Critical Microsoft CTF Flaw

Another day, another “Oh My God! What were they thinking!” moment for Microsoft. A critical flaw in the design of Microsoft’s operating systems stretching back to Windows XP has been discovered by Google’s Project Zero research team member Tavis Ormandy. The flaw in the design of the CTF process, used to manage communication between user elements on a Windows OS, allows an attacker to send any command to any window or hijack existing CTF sessions. In other words, this is an attacker’s dream toolkit for taking full control of a victim’s computer through escalation of privilege. Tavis has just published a proof of concept video showing exploitation of the flaw.

Because the critical design flaw is the lack of access control in CTF – it basically allows anything to communicate with anything without authentication, it will be interesting to see how it can be effectively fixed. Microsoft released a patch yesterday, CVE-2019-1162, which supposedly addresses the issue. I’m looking forward to an update from the Project Zero team on the effectiveness of the patch.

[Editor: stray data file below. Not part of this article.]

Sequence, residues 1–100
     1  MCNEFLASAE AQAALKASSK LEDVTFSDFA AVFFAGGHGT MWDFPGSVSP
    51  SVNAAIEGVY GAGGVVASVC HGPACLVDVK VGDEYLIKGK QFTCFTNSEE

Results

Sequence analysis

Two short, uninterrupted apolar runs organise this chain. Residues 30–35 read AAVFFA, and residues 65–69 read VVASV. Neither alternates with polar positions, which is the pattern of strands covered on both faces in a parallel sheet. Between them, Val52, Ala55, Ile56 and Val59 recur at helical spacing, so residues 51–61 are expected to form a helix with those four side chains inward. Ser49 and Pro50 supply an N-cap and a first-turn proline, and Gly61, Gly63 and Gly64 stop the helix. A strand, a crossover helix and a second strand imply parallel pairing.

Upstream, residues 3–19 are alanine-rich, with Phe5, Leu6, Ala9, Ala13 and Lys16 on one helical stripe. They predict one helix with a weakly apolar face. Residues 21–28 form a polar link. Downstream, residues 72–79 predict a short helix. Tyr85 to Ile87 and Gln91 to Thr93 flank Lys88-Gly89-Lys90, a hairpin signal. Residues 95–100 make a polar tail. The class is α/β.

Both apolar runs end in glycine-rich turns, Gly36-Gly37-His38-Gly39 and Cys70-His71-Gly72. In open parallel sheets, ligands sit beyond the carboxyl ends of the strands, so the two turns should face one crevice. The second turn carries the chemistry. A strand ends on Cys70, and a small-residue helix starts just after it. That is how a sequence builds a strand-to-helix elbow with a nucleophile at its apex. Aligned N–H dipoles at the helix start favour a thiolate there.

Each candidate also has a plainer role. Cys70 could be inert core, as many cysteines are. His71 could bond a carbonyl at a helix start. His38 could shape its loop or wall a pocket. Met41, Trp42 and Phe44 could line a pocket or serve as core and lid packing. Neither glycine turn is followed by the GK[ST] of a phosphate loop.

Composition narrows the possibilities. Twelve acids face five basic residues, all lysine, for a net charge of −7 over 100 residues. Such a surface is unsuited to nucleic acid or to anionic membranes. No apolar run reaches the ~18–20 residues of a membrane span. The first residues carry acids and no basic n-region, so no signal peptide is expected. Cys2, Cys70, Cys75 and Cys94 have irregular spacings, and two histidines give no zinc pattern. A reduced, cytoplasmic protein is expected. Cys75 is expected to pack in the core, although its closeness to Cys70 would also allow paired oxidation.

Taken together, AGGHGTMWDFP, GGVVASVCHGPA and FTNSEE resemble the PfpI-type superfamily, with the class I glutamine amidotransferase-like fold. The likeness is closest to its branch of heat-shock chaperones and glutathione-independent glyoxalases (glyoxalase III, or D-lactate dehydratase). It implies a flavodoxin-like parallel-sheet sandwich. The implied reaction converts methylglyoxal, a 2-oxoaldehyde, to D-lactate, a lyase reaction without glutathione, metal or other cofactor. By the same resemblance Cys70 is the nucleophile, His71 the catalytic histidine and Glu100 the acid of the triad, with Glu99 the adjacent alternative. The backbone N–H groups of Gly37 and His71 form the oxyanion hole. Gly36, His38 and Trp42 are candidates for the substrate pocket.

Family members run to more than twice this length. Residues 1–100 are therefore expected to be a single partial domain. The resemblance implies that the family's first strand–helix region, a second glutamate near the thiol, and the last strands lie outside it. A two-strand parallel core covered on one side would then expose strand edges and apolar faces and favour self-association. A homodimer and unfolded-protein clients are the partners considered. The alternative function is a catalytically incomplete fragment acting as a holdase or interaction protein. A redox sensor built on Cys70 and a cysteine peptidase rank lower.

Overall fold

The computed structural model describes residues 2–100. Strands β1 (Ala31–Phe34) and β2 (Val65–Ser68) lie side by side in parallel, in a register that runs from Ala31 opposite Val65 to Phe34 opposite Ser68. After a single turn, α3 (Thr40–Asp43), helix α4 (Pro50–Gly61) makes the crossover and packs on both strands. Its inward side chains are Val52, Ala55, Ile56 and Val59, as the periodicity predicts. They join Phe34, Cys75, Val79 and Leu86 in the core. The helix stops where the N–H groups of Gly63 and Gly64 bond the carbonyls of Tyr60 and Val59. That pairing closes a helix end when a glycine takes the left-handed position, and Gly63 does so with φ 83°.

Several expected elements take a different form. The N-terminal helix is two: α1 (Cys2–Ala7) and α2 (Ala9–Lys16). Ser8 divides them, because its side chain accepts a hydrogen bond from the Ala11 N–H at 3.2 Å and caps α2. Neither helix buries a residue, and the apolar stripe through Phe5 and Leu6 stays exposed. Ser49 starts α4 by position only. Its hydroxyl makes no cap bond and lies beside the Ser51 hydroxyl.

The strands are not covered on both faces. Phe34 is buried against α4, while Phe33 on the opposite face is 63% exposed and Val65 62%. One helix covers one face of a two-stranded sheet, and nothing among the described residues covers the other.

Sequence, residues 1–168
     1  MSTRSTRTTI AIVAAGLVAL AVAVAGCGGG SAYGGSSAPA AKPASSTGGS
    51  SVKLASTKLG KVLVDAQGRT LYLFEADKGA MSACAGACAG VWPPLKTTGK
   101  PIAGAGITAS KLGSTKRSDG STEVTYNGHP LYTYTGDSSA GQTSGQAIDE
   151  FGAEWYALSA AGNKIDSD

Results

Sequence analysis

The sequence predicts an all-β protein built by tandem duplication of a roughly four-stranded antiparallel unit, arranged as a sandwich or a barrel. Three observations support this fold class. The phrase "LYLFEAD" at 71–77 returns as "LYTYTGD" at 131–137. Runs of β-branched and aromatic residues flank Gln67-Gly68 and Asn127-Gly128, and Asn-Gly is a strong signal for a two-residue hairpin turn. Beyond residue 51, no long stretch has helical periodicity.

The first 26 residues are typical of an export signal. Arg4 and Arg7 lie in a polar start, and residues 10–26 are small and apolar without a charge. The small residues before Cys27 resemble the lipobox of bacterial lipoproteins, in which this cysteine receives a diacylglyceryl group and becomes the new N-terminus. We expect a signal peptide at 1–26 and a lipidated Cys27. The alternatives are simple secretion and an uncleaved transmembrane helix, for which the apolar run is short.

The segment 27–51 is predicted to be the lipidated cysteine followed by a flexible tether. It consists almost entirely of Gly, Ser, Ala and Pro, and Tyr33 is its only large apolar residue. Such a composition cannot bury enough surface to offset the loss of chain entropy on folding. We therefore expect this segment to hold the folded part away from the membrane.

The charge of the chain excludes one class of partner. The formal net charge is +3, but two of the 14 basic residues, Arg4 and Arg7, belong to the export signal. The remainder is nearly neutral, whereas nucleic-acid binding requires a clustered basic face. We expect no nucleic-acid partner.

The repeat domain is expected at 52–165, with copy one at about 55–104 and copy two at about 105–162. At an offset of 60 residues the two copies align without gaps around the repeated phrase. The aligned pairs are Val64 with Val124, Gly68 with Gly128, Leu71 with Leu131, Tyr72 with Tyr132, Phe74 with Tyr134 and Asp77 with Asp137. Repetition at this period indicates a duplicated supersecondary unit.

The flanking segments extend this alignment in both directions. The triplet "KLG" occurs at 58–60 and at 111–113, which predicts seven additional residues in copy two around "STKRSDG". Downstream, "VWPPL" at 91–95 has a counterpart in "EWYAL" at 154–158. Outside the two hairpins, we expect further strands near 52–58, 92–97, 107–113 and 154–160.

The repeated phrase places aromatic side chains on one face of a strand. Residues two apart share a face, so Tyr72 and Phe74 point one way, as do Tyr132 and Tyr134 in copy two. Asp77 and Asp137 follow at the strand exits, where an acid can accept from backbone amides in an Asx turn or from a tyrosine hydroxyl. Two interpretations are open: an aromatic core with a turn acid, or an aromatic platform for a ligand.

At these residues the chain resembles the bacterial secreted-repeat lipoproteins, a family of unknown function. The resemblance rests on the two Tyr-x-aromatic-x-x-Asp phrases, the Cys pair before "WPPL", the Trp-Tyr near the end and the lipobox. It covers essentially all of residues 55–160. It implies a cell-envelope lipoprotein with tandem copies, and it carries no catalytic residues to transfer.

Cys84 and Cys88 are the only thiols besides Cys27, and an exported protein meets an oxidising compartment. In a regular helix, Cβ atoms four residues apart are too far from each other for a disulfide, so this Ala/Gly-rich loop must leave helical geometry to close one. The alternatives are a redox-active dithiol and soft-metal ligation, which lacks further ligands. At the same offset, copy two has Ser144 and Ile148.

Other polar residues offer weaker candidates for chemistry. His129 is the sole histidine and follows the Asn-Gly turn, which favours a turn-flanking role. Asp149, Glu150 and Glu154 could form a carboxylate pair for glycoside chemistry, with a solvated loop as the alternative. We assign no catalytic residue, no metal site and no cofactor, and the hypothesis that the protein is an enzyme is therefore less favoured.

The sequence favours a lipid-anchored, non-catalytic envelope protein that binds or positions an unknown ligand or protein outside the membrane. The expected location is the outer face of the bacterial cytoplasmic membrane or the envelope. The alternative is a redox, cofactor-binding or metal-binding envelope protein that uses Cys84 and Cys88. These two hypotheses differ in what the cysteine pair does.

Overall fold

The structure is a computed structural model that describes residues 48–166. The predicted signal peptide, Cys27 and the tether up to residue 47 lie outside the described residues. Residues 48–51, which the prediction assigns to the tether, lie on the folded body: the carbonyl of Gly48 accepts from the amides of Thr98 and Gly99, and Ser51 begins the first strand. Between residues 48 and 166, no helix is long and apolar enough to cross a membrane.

Part of the issue here concerns the age of the flaw – this stretches back almost 20 years. As the Windows operating systems have evolved over time, they just build on and updated the components that were already there. If there was not proper security design in the initial development, any flaws will continue to be passed down to succeeding generations through inertia and the lack of regression testing.

In the interim, make sure to apply your Windows OS patches promptly!

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